When CDs first appeared in the early '80s, Phillips said they'd give us "Perfect sound, for ever". Well, they don't give us perfect sound, and they don't last for ever. Nor do the recordable versions of optical digital media. In fact, they're a lot less robust. But there's a new option, as Phil Rhodes explains
Although it isn't intuitively true, recordable DVDs are, when you think about it, a photographic medium. This is illustrated nowhere better than in a situation I encountered a few years ago which, if you'll forgive the reminiscence, makes the light-sensitive nature of optical disc storage pretty obvious. In fact, you can try it yourself: leave a DVD-R disc on a windowsill for about a year, partially covered in a sheet of paper, and witness the fact that the part of the disc that isn't obscured ends up looking silver, like an industrially pressed disc. Entertaining a thought though this might be for proponents of extremely long exposure photography, it doesn't help much when your DVDs are likely to become unreadable if you leave them in a place that's too bright, or too warm, or if you happen to walk past the cupboard and sneeze.
With file-based recording systems now de rigueur, approaches to backing things up are in notoriously short supply. LTO tape systems, as a complex electro-mechanical arrangement, remain expensive, and almost everyone I consulted in the preparation of this article had experienced problems with the reliability of recordable DVDs and other optical media.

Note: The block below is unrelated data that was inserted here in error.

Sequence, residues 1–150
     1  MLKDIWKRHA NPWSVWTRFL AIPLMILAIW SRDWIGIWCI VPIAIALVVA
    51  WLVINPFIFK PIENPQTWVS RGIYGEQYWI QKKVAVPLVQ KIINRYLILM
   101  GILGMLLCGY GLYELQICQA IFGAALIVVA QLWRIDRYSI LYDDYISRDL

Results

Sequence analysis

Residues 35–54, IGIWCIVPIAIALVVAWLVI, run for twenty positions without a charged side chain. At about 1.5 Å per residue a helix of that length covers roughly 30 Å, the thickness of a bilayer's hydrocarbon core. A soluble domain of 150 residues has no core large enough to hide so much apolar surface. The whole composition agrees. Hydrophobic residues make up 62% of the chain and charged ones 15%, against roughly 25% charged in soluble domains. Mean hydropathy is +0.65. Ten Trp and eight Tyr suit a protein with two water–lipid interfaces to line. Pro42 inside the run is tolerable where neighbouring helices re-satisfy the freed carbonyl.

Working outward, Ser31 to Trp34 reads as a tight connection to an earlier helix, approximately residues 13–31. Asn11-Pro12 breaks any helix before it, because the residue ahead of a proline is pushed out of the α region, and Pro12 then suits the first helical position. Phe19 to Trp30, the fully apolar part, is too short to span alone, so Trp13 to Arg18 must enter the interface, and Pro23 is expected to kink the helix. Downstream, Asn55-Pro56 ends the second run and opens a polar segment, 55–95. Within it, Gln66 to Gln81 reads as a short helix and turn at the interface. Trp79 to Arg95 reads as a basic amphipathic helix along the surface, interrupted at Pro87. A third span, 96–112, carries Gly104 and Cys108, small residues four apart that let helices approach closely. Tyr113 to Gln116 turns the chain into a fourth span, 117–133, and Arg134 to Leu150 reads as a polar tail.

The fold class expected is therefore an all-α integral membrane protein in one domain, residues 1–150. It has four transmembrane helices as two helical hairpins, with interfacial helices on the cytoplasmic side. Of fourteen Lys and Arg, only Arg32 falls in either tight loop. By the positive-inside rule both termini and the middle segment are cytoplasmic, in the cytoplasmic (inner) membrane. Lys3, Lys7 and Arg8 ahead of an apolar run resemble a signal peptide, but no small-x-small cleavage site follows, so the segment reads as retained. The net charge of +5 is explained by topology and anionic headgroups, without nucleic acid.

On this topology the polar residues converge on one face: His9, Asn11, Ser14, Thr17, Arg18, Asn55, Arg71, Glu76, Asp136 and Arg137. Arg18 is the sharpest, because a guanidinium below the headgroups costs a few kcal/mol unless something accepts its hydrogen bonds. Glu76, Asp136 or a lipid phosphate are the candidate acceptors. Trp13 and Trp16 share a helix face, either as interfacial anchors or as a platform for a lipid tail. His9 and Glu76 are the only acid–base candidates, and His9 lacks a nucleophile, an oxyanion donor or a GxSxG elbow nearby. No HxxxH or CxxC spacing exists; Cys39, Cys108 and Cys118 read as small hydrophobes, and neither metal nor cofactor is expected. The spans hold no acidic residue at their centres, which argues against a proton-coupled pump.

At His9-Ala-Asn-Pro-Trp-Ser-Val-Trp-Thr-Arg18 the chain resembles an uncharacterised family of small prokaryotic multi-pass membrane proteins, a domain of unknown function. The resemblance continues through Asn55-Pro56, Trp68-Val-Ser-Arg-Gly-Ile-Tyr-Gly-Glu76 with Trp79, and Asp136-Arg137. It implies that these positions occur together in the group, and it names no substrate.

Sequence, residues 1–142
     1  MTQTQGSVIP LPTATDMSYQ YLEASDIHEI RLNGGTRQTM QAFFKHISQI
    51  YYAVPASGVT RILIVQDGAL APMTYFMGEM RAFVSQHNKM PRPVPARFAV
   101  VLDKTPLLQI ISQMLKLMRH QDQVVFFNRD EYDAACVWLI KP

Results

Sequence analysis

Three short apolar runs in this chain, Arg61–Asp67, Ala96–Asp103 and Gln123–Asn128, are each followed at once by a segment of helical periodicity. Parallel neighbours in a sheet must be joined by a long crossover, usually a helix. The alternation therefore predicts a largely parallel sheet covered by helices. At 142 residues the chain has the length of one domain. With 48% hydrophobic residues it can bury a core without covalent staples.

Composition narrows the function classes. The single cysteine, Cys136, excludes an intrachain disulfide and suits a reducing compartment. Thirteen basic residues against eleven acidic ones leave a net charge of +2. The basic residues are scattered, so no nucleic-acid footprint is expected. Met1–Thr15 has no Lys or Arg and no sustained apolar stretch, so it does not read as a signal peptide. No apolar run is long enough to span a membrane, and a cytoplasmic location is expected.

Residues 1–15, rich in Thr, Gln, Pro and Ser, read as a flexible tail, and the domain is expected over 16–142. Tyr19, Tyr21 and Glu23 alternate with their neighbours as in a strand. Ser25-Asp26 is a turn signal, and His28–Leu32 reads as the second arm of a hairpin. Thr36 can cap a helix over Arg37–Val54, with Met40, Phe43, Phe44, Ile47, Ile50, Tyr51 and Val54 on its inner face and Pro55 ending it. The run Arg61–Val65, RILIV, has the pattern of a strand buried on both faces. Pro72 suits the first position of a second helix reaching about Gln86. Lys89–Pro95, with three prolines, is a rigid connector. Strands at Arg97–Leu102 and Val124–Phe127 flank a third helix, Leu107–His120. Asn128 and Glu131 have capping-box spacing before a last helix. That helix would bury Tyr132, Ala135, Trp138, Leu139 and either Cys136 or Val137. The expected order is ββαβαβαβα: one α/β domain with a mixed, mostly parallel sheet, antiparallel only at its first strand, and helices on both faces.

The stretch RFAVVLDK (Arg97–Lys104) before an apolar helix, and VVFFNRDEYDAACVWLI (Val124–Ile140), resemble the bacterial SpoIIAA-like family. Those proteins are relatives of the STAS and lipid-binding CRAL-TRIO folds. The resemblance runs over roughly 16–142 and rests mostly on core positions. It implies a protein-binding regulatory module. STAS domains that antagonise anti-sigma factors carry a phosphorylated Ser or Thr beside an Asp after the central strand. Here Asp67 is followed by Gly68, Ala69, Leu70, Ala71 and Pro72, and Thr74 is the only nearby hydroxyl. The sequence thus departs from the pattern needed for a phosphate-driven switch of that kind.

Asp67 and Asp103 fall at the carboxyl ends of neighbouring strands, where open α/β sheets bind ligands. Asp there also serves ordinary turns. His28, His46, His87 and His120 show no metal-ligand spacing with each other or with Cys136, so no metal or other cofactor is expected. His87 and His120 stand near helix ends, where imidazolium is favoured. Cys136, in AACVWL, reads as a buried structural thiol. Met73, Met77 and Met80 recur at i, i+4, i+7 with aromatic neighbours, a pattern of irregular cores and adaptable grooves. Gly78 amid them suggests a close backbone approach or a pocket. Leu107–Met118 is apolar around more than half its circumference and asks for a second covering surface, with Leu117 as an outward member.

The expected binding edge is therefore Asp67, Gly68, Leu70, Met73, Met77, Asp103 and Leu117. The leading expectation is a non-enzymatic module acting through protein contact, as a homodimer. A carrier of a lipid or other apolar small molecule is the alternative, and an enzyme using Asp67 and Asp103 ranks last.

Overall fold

Traditional green, blue or purple-looking optical discs rely on a layer of organic dye suspended above a reflective layer. “Organic,” in this context, refers to organic chemistry, concerning compounds containing carbon, as opposed to the farming technique which makes potatoes slightly more expensive. The purpose of this dye is to be broken down by the moderately high-power laser beam of the writer, producing either opaque or clear spots where the reader's laser may either pass through to bounce off the reflective layer, or be obscured. This arrangement mimics the physically-stamped pattern of holes (properly, “pits” and “lands”) which are imposed directly onto the reflective layer of a standard CD-ROM, DVD or blu-ray disc.
The original dyes used were based on cyanine, a very old dye formulation which had been used to create blue and blue-green colours for over a century in various applications. The problem is that the formulations suitable for writeable optical media could be extremely unstable when exposed to light. Original cyanine discs – of which I suspect my now half-silvered, sun-exposed one may be an example – could become unreadable in as little as a few years, or mere days when exposed to sunlight. Later formulations, including a stabiliser, improved things, as did the move to phthalocyanine and azo dyes, but the fundamental technique on which all writeable optical media rely is still photographic. The laser in the writer must affect the optical characteristics of the dye, and a degree of changeability in the dye is therefore necessary for the approach to work.
A better option?